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Low-flying plane early Friday around Hokah will be spraying for gypsy moths

Rick Solem

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HOKAH, Minn. — An early morning, low-flying plane Friday around Hokah in Houston County could startle some, but the Minnesota Department of Agriculture (MDA) says don’t be alarmed.

The MDA is spraying to eradicate gypsy moth infestations that were detected last fall around Hokah and also around Oak Center, Minn., in Wabasha County.

Gypsy Moth Trapping_Bens.jpg
The European gypsy moth, like the one in this undated photo, is non-native to the United States.
(Photo: AP )

The flights could start as early as 5:25 a.m., beginning in Hokah, depending on weather.

The treatment is approximately 1,620 acres and is 1.5 miles west of Hokah. Union Ridge Road runs through the middle of the treatment area.

Gypsy moth caterpillar
Gypsy moth caterpillar

This will be the first of two, what the MDA calls, “aerial applications of Foray/Bacillus thuringiensis var. kurstaki (Btk)” over those areas.

The second will take place 5-10 days later.

Btk is a biological product that is organic certified for food crops. It has no known health effects for humans, pets, birds, fish, livestock, bees or other non-caterpillar insects.

The MDA also set up an information line to keep citizens informed, called the Arrest the Pest Info Line (1-888-545-MOTH). On the morning of the treatments, residents can call the phone number with any questions they may have. Simply press 0 (zero) to speak to someone. More info can be found at the MDA website here.

The MDA offers the following tips to residents in the treatment area:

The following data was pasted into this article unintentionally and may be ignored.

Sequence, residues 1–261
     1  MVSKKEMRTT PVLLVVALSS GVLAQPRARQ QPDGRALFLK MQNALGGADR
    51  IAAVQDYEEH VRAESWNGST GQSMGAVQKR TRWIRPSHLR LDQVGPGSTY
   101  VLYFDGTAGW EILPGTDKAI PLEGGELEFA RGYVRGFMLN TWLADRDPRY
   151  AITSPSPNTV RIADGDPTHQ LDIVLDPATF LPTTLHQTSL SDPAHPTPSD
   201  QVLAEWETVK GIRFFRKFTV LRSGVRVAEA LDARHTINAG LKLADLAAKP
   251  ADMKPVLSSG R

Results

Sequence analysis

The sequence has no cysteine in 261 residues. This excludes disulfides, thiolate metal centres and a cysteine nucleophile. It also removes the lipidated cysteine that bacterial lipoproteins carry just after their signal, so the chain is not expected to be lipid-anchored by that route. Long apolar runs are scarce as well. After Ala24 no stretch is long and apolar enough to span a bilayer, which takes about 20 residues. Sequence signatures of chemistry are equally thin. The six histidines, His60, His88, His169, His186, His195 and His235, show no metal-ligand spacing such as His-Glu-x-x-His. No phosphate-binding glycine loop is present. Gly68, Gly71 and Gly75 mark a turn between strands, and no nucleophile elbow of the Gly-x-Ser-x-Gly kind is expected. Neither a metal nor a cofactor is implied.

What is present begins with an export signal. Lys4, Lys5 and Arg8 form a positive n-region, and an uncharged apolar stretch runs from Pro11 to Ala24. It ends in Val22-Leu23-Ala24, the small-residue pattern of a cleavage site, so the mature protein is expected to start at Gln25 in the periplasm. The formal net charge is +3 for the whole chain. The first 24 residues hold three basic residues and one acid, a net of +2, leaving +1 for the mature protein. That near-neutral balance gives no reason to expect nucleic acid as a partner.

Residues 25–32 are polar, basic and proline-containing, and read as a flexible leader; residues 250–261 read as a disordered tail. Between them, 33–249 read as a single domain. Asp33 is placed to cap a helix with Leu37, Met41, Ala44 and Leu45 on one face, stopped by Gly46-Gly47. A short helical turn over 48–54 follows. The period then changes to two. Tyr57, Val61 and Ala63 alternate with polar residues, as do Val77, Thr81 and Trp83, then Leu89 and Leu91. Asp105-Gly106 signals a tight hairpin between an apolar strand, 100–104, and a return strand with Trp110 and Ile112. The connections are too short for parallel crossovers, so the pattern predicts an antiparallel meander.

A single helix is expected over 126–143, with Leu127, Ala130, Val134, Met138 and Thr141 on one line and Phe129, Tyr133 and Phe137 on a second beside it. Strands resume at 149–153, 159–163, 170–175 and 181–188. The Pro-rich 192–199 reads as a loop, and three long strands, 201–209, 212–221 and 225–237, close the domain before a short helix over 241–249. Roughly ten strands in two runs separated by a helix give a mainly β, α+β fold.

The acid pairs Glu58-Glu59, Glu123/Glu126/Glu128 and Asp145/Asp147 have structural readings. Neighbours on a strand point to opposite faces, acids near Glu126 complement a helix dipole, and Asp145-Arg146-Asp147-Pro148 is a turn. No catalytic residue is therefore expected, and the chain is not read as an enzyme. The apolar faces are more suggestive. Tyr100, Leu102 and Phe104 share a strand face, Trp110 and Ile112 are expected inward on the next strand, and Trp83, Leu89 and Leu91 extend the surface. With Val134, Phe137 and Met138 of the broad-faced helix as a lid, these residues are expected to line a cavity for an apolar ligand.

• For the gypsy moth treatment to work, it must begin early in the morning. Treatments may begin as early as 5:25 a.m. Residents in and around these treatment areas, up to a half mile outside of the treatment area, may be awakened on that day by the noise of a low-flying airplane. The MDA apologizes for any inconvenience.
  • The treatment product has no known health effects for humans, but residents may wish to stay indoors during the treatment and keep windows closed for a half hour after application. Residents can cover gardens or turn on sprinklers during the treatment if they wish.
  • The residue does not cause damage to outdoor surfaces. However, soapy water will remove any residue on outdoor items.

Treatment areas:

Hokah, Houston County: The treatment area is approximately 1,620 acres and is 1.5 miles west of Hokah. Union Ridge Road runs through the middle of the proposed treatment area (SEE MAP).

Oak Center, Wabasha County: The treatment area is approximately 1,420 acres and is located approximately three miles north of Zumbrota Falls. US Highway 63 runs through the middle of the area (SEE MAP).

According to the MDA, “gypsy moths are among America’s most destructive tree pests, having caused millions of dollars in damage to Eastern forests. The moths are now threatening Minnesota. If present in large numbers, gypsy moth caterpillars can defoliate large sections of forest. Oak, poplar, birch and willow are among their preferred hosts. The moths spread slowly on their own, but people can unintentionally help them spread by transporting firewood or other items on which the moths have laid their eggs.”

Host of WIZM's La Crosse Talk PM and "liberal hack" | University of Wisconsin-Stevens Point graduate | Hometown: Greenville, Wis | Avid noonball basketball player and sand volleyballer in La Crosse

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